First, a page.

Noted historian Stephen Berry has been named the inaugural holder of the Amanda and Greg Gregory Chair in the Civil War Era in the Franklin College of Arts and Sciences.
Berry, the author of four books on the Civil War era, joined the university’s department of history in 2007 and was selected as the Gregory chair after a national search.
“I can think of no UGA scholar more worthy of this honor than Steve Berry,” said UGA President Michael F. Adams. “He is a historian of the first order, and his research and writing have helped not only thousands of students but also many people, like myself, who have an ongoing interest in the Civil War. I am deeply grateful to the Gregorys for their generosity to the university and support of this important position in the history department.”
Berry’s first book, All That Makes a Man: Love & Ambition in the Civil War South was a finalist for the 2004 Peter Seaborg Award for Civil War Scholarship. His 2007 book Princes of Cotton: Four Diaries of Young Men in the South, 1848-1860 was described in one review as “an extraordinary contribution to Southern history.” House of Abraham: Lincoln & the Todds, A Family Divided By War, also released in 2007, was a Book of the Month Club main selection and received a Publisher’s Weekly starred review.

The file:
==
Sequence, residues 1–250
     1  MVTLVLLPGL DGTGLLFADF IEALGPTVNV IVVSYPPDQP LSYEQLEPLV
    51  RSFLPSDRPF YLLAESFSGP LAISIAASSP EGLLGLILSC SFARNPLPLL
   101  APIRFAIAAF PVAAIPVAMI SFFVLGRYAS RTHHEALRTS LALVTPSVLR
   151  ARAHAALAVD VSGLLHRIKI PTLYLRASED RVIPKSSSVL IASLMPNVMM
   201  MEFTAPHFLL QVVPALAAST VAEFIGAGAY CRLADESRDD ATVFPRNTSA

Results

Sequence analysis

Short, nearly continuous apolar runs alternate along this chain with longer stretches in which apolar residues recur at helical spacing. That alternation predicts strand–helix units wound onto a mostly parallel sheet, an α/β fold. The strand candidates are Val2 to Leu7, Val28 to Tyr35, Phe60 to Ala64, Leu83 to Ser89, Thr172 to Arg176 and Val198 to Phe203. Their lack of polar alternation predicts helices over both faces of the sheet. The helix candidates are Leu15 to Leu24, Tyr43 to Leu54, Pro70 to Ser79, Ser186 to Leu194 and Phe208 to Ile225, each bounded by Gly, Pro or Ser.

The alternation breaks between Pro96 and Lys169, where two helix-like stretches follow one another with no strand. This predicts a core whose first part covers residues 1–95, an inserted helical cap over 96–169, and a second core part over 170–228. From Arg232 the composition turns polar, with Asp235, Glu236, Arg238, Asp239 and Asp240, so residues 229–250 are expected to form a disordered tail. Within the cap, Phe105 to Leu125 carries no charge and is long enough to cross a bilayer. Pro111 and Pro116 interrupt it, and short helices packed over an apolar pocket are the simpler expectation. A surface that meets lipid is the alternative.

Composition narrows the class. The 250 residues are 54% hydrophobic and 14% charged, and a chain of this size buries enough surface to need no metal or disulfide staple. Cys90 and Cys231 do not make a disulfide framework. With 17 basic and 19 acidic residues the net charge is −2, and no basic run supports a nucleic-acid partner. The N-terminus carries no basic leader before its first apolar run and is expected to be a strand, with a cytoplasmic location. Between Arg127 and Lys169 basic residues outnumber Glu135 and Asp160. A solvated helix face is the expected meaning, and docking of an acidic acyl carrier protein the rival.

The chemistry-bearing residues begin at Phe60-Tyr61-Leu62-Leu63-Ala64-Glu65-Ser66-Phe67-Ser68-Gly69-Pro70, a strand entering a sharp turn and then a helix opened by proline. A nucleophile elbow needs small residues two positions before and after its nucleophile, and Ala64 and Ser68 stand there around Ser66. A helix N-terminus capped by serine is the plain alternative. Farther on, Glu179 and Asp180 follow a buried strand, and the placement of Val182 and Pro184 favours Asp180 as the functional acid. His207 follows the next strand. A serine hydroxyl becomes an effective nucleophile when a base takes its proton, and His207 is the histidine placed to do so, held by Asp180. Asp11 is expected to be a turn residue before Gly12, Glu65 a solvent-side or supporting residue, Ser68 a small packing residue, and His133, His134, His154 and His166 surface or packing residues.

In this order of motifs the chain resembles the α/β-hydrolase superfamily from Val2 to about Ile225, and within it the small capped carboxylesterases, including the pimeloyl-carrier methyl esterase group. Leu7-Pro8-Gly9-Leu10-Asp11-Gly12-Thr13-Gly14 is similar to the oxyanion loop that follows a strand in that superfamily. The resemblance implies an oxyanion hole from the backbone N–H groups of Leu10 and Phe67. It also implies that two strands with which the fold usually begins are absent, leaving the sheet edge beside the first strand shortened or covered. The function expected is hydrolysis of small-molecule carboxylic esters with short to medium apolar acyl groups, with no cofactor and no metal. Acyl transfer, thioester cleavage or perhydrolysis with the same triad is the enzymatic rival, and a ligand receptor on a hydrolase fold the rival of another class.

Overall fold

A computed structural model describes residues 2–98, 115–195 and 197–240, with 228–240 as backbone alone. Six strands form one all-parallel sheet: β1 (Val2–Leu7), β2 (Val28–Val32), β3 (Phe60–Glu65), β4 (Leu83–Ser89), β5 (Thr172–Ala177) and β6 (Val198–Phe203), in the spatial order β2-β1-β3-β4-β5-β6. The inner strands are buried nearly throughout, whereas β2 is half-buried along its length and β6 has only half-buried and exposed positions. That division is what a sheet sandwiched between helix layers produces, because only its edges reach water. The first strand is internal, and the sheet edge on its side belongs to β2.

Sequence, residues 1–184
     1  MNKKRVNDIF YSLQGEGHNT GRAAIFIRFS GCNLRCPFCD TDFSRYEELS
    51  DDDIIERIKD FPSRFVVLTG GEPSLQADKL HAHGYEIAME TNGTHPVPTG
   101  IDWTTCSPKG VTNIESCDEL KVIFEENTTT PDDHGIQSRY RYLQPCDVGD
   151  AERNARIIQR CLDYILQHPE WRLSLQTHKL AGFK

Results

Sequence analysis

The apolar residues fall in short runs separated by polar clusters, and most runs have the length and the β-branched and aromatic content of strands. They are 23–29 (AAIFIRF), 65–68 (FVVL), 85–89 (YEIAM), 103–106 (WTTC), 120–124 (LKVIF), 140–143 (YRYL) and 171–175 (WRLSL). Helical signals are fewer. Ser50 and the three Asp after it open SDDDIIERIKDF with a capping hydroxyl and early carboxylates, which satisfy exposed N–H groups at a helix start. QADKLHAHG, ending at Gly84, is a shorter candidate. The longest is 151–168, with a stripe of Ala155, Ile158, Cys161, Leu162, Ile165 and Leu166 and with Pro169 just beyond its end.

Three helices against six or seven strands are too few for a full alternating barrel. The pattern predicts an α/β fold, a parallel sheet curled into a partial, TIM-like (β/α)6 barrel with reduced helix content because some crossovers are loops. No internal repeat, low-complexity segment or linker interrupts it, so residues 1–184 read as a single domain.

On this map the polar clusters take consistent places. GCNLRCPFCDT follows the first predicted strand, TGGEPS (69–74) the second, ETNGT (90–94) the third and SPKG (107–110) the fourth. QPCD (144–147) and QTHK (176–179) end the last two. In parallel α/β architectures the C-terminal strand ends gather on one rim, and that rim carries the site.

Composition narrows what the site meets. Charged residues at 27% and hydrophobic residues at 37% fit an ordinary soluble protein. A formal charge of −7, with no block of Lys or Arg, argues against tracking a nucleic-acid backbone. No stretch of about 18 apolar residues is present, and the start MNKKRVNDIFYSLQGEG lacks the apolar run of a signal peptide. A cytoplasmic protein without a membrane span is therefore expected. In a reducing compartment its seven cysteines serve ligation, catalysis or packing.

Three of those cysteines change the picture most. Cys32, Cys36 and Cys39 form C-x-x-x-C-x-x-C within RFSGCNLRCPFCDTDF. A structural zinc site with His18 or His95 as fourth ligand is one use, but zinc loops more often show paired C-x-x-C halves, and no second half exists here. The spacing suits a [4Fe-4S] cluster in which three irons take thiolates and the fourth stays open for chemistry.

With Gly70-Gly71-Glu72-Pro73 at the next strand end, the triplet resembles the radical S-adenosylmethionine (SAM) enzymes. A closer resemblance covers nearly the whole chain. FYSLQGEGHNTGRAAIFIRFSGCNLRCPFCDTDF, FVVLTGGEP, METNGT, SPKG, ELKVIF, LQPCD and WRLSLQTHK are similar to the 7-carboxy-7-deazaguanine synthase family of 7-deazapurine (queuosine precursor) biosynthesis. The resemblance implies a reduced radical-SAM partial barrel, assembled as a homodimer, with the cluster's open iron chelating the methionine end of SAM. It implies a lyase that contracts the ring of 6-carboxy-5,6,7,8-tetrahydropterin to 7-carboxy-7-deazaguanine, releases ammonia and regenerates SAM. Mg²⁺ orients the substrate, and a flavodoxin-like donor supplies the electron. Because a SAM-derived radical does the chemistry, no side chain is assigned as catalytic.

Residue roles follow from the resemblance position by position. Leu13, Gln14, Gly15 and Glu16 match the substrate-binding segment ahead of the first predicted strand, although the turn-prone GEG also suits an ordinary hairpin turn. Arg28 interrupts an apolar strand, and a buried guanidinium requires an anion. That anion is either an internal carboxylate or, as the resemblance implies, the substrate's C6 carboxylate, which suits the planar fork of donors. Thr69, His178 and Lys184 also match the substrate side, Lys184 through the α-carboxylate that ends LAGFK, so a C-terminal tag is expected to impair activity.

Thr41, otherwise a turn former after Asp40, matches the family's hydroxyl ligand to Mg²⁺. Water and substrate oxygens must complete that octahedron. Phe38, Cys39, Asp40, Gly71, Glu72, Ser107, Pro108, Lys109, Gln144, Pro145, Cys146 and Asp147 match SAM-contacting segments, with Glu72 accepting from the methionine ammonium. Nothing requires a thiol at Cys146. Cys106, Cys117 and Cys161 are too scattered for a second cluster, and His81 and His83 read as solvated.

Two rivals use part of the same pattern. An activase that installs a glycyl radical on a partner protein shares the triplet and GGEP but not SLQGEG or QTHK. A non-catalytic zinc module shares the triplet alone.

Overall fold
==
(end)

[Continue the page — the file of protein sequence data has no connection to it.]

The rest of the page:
A reviewer of Berry’s most recent book, Weirding the War: Stories from the Civil War’s Ragged Edges, published in 2011, wrote that “saying something truly new about the American Civil War seems impossible, but here is a book that offers an explosion of new perspectives and insights, often surprising and sometimes disturbing.”
In addition to authoring several articles in scholarly journals, Berry has written for magazines such as Civil War Monitor and North and South.
“Steve Berry has developed in a short period of time a national reputation as a leading scholar of the Civil War era. His work brings a fresh perspective to one of the defining periods in our nation’s history,” said Hugh Ruppersburg, interim dean of Franklin College. “The support of the Gregorys continues to elevate a department with established strengths in Southern history to the great benefit of our students and faculty.”